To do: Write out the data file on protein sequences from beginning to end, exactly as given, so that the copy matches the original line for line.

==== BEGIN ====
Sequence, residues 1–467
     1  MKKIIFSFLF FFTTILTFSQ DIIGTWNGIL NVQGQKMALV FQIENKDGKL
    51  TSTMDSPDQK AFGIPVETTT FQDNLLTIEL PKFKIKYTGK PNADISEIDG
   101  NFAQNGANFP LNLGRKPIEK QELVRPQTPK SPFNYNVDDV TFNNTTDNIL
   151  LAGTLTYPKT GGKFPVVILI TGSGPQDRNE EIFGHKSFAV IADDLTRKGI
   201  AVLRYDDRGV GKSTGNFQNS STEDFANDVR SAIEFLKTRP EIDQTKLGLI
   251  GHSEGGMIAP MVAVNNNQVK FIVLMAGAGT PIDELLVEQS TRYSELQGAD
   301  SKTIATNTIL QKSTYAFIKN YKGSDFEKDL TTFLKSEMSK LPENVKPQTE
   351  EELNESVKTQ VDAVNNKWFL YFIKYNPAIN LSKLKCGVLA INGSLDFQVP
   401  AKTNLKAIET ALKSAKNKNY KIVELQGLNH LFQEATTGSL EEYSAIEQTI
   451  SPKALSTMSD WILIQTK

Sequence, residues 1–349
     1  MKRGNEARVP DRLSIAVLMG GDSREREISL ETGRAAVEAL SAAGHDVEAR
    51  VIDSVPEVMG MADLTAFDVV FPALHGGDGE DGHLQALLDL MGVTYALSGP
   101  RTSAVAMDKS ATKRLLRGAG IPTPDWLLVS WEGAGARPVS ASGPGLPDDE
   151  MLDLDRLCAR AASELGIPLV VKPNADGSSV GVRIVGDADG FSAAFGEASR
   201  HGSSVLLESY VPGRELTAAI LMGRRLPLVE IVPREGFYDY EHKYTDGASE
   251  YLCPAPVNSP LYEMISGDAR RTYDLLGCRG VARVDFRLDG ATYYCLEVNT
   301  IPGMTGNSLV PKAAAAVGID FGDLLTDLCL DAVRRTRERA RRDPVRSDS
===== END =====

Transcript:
Sequence, residues 1–467
     1  MKKIIFSFLF FFTTILTFSQ DIIGTWNGIL NVQGQKMALV FQIENKDGKL
    51  TSTMDSPDQK AFGIPVETTT FQDNLLTIEL PKFKIKYTGK PNADISEIDG
   101  NFAQNGANFP LNLGRKPIEK QELVRPQTPK SPFNYNVDDV TFNNTTDNIL
   151  LAGTLTYPKT GGKFPVVILI TGSGPQDRNE EIFGHKSFAV IADDLTRKGI
   201  AVLRYDDRGV GKSTGNFQNS STEDFANDVR SAIEFLKTRP EIDQTKLGLI
   251  GHSEGGMIAP MVAVNNNQVK FIVLMAGAGT PIDELLVEQS TRYSELQGAD
   301  SKTIATNTIL QKSTYAFIKN YKGSDFEKDL TTFLKSEMSK LPENVKPQTE
   351  EELNESVKTQ VDAVNNKWFL YFIKYNPAIN LSKLKCGVLA INGSLDFQVP
   401  AKTNLKAIET ALKSAKNKNY KIVELQGLNH LFQEATTGSL EEYSAIEQTI
   451  SPKALSTMSD WILIQTK

Sequence, residues 1–349
     1  MKRGNEARVP DRLSIAVLMG GDSREREISL ETGRAAVEAL SAAGHDVEAR
    51  VIDSVPEVMG MADLTAFDVV FPALHGGDGE DGHLQALLDL MGVTYALSGP
   101  RTSAVAMDKS ATKRLLRGAG IPTPDWLLVS WEGAGARPVS ASGPGLPDDE
   151  MLDLDRLCAR AASELGIPLV VKPNADGSSV GVRIVGDADG FSAAFGEASR
   201  HGSSVLLESY VPGRELTAAI LMGRRLPLVE IVPREGFYDY EHKYTDGASE
   251  YLCPAPVNSP LYEMISGDAR RTYDLLGCRG VARVDFRLDG ATYYCLEVNT
   301  IPGMTGNSLV PKAAAAVGID FGDLLTDLCL DAVRRTRERA RRDPVRSDS